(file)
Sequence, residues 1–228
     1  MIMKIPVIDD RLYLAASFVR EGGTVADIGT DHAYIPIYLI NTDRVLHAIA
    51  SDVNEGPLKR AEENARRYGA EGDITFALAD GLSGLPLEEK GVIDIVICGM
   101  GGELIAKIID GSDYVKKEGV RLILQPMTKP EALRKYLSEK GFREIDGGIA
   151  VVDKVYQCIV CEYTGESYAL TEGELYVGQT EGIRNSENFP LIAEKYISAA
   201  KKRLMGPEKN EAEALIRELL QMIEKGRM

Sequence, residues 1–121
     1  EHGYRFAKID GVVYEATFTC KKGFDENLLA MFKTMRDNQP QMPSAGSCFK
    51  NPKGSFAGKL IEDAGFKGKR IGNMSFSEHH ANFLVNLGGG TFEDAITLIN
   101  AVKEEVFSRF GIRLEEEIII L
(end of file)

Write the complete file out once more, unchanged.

Sequence, residues 1–228
     1  MIMKIPVIDD RLYLAASFVR EGGTVADIGT DHAYIPIYLI NTDRVLHAIA
    51  SDVNEGPLKR AEENARRYGA EGDITFALAD GLSGLPLEEK GVIDIVICGM
   101  GGELIAKIID GSDYVKKEGV RLILQPMTKP EALRKYLSEK GFREIDGGIA
   151  VVDKVYQCIV CEYTGESYAL TEGELYVGQT EGIRNSENFP LIAEKYISAA
   201  KKRLMGPEKN EAEALIRELL QMIEKGRM

Sequence, residues 1–121
     1  EHGYRFAKID GVVYEATFTC KKGFDENLLA MFKTMRDNQP QMPSAGSCFK
    51  NPKGSFAGKL IEDAGFKGKR IGNMSFSEHH ANFLVNLGGG TFEDAITLIN
   101  AVKEEVFSRF GIRLEEEIII L